On a day when the well-respected RECOVERY Study from Great Britain reported there was no significant benefit to hydroxychloroquine in hospitalized patients, a paper was published in the International Journal of Infectious Disease suggesting that there might be benefit from hydroxychloroquine and the combination of that drug with azithromycin.
First, the results from RECOVERY, funded by the U.K. government, sought to prospectively, randomly assign large numbers of patients to multiple potential treatments in the country’s National Health Service. The goal was to rapidly get answers as to what worked and what didn’t.
A total of 1,542 patients received hydroxychloroquine, and 3,132 received usual care. After 28 days of treatment, 25.7% of those on hydroxychloroquine and 23.5% of those who received usual care had died, meaning those on hydroxychloroquine were 11% more likely to die. That difference was not statistically significant. There also was “no beneficial effect” on how long patients stayed in the hospital, or on other outcomes.
As reported in STAT news, “Today’s preliminary results from the RECOVERY trial are quite clear – hydroxychloroquine does not reduce the risk of death among hospitalized patients with this new disease,” said University of Oxford epidemiologist Martin Landray, one of the study’s leaders. “This result should change medical practice worldwide and demonstrates the importance of large, randomized trials to inform decisions about both the efficacy and the safety of treatments.”
Despite this, the announcement was in a press release and not published. The authors plan to publish the data “soon.”
In contrast, another large study seemed to come to just the opposite conclusion. The International Journal of Infectious Diseases’ study was conducted at the Henry Ford Health System in southeastern Michigan. This is a large, six hospital integrated health system; the largest of hospitals is an 802-bed quaternary academic teaching hospital in urban Detroit, Michigan.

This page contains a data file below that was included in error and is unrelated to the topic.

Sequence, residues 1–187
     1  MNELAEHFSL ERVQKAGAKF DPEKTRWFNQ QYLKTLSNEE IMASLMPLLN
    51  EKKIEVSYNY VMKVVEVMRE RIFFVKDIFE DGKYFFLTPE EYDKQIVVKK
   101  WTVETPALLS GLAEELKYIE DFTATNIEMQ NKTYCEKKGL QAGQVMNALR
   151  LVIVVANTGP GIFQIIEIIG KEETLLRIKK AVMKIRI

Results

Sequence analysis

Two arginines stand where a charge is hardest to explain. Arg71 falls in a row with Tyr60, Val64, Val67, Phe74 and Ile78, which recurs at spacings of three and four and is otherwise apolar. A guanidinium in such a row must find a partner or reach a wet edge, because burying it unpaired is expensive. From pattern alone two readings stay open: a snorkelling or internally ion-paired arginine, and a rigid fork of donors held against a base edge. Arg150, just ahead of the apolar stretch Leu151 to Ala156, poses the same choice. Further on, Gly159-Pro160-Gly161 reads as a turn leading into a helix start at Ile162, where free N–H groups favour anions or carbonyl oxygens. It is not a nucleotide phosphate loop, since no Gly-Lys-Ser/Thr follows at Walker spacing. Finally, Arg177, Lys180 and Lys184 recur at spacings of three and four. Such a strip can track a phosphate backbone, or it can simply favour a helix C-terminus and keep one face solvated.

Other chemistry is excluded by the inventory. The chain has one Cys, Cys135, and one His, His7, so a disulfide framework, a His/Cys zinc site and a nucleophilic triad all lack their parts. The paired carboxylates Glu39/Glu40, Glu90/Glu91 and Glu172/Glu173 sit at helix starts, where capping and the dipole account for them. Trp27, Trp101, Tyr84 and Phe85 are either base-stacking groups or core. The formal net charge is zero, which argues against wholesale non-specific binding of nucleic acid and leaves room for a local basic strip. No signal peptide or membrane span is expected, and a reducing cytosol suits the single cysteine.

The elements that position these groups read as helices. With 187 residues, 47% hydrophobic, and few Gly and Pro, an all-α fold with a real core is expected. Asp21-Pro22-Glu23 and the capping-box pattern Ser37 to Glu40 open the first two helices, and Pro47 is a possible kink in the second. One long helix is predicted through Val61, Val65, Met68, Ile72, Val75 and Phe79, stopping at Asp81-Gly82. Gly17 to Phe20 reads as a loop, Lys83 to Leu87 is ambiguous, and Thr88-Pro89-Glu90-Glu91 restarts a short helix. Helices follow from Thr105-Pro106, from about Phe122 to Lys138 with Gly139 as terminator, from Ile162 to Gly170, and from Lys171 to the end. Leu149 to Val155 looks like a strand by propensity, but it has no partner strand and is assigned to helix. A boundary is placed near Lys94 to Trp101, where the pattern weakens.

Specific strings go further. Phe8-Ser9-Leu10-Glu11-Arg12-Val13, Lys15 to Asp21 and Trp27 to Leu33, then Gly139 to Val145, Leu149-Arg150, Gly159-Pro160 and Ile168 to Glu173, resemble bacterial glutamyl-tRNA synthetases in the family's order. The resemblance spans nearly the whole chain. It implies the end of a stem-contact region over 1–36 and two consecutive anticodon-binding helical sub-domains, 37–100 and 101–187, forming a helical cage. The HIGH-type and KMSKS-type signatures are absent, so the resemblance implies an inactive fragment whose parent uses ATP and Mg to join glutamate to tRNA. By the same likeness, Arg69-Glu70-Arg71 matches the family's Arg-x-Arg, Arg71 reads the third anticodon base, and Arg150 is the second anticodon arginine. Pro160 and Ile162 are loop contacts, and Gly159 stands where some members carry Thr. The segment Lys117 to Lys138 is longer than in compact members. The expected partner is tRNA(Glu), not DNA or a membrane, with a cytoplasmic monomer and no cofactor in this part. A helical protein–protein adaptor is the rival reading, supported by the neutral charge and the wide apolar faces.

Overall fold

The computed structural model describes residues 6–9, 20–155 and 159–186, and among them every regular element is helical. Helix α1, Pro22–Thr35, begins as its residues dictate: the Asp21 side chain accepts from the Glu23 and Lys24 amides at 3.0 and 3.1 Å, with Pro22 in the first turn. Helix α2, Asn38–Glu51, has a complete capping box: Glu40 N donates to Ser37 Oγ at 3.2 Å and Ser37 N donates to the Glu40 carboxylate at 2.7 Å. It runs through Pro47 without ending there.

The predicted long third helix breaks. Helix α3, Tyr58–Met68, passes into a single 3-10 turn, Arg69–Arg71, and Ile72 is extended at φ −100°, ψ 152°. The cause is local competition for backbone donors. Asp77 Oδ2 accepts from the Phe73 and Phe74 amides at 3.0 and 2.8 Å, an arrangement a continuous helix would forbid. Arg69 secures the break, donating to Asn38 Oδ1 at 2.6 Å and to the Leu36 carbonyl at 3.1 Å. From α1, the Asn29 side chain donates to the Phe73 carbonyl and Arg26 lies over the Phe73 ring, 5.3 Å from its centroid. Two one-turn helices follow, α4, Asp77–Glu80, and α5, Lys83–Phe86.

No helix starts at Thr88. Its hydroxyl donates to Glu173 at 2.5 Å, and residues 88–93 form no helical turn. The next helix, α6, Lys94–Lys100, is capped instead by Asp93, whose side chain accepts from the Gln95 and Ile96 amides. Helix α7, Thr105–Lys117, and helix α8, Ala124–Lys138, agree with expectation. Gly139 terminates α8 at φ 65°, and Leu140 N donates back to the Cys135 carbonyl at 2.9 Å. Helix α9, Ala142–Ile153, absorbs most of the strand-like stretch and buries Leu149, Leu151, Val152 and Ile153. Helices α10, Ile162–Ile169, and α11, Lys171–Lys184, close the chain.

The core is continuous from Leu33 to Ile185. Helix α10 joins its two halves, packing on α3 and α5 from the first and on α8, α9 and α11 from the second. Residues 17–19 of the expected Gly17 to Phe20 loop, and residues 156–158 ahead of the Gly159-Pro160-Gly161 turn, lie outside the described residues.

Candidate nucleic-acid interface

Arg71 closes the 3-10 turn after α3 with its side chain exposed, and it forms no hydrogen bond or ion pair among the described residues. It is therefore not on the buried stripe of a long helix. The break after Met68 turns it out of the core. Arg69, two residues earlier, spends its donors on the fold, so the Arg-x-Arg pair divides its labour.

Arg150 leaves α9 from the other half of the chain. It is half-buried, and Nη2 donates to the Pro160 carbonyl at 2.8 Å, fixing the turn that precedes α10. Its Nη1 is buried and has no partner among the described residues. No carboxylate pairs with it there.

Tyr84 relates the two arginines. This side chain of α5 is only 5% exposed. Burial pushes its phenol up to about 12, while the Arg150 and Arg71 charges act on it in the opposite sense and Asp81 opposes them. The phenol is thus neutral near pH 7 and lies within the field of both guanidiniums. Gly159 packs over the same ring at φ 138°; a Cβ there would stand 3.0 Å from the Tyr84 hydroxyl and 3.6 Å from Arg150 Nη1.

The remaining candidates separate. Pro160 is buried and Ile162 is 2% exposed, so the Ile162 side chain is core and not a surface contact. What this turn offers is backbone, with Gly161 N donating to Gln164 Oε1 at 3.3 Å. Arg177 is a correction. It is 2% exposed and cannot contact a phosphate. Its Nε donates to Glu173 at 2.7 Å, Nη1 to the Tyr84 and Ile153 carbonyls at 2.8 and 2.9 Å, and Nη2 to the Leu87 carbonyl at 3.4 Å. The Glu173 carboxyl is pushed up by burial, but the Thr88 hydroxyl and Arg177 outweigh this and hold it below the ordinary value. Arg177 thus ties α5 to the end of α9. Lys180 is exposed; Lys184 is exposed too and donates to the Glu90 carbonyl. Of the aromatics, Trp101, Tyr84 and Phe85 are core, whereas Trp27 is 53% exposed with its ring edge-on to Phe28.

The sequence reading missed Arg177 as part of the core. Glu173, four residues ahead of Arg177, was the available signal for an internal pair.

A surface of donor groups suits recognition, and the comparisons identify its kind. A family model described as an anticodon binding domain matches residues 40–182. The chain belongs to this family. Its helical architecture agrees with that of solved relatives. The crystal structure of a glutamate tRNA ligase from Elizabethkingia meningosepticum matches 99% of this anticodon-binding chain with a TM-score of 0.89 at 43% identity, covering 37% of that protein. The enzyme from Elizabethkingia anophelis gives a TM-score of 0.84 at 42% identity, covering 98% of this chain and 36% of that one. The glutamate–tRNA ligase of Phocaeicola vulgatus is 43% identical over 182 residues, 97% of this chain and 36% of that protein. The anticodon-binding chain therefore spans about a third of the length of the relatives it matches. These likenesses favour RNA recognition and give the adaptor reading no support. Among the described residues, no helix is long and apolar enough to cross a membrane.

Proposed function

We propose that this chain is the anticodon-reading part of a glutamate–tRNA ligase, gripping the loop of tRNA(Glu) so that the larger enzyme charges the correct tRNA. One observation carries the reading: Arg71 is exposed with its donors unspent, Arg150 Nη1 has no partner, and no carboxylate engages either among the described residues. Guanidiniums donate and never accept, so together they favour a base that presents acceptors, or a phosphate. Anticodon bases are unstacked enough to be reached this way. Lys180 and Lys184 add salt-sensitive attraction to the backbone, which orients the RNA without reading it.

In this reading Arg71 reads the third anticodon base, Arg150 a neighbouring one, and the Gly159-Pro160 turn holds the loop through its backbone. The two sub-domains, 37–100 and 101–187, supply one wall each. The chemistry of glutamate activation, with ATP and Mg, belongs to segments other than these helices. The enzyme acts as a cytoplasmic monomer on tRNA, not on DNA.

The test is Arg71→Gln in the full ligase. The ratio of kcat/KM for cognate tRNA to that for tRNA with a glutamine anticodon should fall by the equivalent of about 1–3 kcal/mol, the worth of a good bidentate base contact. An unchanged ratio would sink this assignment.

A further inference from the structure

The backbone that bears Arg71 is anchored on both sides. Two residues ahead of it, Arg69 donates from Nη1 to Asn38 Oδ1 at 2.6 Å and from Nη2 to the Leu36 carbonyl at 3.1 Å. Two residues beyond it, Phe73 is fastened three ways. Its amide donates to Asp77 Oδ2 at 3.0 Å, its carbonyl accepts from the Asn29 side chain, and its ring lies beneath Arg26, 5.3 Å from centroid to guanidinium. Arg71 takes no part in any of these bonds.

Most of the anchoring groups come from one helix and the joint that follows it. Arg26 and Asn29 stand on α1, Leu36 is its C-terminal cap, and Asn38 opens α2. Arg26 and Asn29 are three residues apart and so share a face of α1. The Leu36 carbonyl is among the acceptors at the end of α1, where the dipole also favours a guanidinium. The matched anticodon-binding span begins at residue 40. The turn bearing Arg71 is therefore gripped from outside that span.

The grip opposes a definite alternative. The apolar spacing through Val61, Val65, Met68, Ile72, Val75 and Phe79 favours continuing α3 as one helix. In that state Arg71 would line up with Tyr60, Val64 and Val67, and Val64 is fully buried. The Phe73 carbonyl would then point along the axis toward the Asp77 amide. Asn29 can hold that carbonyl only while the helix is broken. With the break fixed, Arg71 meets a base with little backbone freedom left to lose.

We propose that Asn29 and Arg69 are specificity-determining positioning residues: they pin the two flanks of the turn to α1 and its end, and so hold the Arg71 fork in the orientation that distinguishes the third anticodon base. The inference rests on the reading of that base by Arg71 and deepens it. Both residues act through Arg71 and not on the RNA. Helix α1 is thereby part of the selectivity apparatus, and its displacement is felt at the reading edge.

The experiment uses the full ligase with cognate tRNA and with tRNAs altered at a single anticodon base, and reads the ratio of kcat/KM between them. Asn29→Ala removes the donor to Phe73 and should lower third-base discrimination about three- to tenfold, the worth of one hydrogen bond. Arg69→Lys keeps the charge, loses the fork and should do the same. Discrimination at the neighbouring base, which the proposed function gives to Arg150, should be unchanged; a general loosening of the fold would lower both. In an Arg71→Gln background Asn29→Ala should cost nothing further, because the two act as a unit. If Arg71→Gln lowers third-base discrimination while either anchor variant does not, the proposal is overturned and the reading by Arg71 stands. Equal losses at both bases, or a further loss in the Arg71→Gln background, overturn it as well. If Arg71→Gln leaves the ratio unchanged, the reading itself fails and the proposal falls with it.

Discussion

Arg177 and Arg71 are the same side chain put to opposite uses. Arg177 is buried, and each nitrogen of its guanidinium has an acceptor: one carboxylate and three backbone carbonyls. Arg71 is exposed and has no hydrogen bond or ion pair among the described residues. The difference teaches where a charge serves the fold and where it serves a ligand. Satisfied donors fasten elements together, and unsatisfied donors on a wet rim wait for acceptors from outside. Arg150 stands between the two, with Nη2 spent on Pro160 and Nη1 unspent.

Importantly, this study was a retrospective observational study, rather than a prospective randomized study. However, the number of patients was impressive. There were 2,541 patients, with a median hospitalization of 6 days (IQR: 4-10 days), and a median age of 64 years (IQR:53-76 years). Fifty-one percent were male, 56% African American, and they had a median time to follow-up of 28.5 days (IQR:3-53).
In-hospital mortality was primarily caused by respiratory failure (88%), but the overall death rate was lower than in the Recovery study at 18.1% (95% CI:16.6%-19.7%). Treatment group death rates were significantly different with hydroxychloroquine+azithromycin @ 20.1%, hydroxychloroquine alone @ 13.5%, azithromycin alone @ 22.4%, and patients on neither drug 26.4%. There was no cardiac toxicity from hydroxychloroquine
The authors state that when controlling for COVID-19 risk factors, treatment with hydroxychloroquine alone and in combination with azithromycin was associated with reduction in COVID-19 associated mortality.
The last conclusion the Henry Ford researchers make is that “prospective trials are needed to examine this drug’s impact.” They got their wish on the same day in the announcement of the Recovery study!
Given the mishmash of hydroxychloroquine trials, without similar controls, patient criteria or endpoints, it is unlikely another study will be performed. If on final review the RECOVERY data seem definitive, it will likely be the last word given the stronger power of a prospective, controlled trial.
Overall this dichotomy also highlights the disorder currently occurring in COVID-19 drug trials. As highlighted in STAT news today, many trials are fragmented and too small to give a definitive outcome. “If the goal was to optimize the likelihood of figuring out the best treatment options, the system is off course,” said Robert Califf, the head of clinical policy and strategy at Verily Life Sciences and Google Health and a former commissioner of the Food and Drug Administration.
The findings show, he said, that too often studies are too small to answer questions, lack real control groups, and put too much emphasis on a few potential treatments, as occurred with hydroxychloroquine.